Elisabeth C. Miller Library

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Ladybugs: are they beneficial? Invasive? I know that nurseries sell them for release into the garden. Is that a good idea?


The type of ladybug most often for sale is an introduced species. This factsheet from Linda Chalker-Scott of Washington State University provides a thorough explanation of why it is problematic.

Multicolored Asian lady beetles are generalist predators and they can be beneficial in the garden, but they also displace the North American native species of lady beetle. Purchasing them is not recommended and is probably a waste of money because, well, they have wings, and they will fly away. Former University of Washington Botanic Gardens director Sarah Reichard’s book, The Conscientious Gardener, advises that you instead avoid using insecticides so that your landscape will naturally attract beneficial insects, particularly native ones.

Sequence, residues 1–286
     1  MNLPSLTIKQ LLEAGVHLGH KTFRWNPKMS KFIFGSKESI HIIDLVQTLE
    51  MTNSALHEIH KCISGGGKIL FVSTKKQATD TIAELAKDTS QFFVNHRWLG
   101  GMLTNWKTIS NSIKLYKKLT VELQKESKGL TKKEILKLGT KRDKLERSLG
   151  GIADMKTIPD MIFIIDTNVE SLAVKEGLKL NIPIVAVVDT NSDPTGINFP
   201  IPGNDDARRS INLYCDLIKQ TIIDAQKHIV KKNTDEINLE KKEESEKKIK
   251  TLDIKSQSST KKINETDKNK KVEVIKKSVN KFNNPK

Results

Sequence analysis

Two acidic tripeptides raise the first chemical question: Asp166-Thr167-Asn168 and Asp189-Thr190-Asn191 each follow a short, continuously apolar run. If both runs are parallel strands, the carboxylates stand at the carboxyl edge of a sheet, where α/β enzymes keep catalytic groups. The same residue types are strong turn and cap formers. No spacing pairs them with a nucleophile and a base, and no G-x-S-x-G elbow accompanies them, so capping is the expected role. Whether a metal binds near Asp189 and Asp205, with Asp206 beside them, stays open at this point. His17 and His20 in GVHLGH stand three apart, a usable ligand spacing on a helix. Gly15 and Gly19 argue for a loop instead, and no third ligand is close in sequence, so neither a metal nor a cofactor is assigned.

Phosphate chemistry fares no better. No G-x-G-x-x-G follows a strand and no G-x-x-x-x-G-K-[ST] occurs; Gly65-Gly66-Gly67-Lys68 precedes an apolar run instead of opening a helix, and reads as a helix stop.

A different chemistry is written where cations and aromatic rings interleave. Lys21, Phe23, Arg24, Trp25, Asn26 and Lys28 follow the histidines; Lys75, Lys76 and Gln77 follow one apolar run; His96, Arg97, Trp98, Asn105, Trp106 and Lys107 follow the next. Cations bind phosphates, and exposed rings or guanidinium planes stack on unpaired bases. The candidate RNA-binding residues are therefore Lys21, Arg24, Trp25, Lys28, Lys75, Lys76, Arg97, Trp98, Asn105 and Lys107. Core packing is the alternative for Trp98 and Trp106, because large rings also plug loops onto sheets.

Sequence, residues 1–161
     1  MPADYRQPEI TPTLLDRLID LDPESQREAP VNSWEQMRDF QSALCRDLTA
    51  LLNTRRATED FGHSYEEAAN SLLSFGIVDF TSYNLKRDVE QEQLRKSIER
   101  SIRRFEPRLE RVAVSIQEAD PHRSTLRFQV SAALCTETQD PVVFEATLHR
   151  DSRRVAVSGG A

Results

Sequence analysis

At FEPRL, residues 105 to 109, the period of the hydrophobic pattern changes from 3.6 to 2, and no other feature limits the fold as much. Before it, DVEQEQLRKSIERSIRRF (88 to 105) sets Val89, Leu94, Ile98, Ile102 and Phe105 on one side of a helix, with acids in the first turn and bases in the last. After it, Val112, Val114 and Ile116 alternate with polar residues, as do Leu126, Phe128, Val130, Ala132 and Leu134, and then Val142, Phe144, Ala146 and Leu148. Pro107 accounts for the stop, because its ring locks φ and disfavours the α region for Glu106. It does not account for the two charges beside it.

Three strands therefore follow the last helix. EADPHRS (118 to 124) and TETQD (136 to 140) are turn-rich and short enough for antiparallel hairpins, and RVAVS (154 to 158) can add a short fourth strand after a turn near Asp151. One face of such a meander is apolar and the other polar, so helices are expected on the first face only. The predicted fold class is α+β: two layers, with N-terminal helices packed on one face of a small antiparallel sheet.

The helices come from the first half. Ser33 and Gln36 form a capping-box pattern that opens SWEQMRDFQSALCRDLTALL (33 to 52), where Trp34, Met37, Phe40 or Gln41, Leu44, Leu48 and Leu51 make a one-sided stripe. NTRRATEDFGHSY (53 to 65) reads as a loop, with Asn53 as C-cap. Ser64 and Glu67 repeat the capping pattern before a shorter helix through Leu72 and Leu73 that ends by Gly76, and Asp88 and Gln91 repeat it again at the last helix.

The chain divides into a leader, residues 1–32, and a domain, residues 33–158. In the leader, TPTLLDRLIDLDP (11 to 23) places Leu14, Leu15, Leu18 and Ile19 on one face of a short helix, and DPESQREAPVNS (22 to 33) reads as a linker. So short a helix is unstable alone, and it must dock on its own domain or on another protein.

Another drawback of releasing ladybug larvae in your garden is that they sometimes find their way indoors, where you don’t want them to be. The multicolored Asian lady beetles (Harmonia axyridis) look for crevices to spend the winter hibernating and they seem particularly fond of light colored south walls. If you don't want to find thousands of these beneficial insects flying around your house on the first sunny day in spring, fill the cracks in your house siding with caulk. For a description, management ideas, and detailed vacuum cleaner bagging instructions, Ohio State University Extension has a fact sheet on these insects. Inside a home, the insect droppings are a human health hazard, and can trigger asthma and other allergic reactions.